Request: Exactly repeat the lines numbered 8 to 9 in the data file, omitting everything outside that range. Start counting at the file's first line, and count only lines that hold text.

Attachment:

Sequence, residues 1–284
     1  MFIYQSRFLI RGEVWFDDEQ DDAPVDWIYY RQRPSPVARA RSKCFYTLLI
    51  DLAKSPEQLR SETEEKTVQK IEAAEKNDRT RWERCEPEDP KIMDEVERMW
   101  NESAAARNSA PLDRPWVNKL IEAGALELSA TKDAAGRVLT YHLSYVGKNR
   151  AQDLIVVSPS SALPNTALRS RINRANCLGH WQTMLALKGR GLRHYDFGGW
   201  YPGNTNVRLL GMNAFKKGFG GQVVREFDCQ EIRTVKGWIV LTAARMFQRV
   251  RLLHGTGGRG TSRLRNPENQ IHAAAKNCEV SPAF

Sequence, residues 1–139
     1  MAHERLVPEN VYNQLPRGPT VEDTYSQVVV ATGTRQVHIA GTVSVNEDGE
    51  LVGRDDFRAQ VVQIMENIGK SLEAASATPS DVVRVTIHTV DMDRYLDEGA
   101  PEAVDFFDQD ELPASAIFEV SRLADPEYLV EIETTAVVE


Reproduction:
Sequence, residues 1–139
     1  MAHERLVPEN VYNQLPRGPT VEDTYSQVVV ATGTRQVHIA GTVSVNEDGE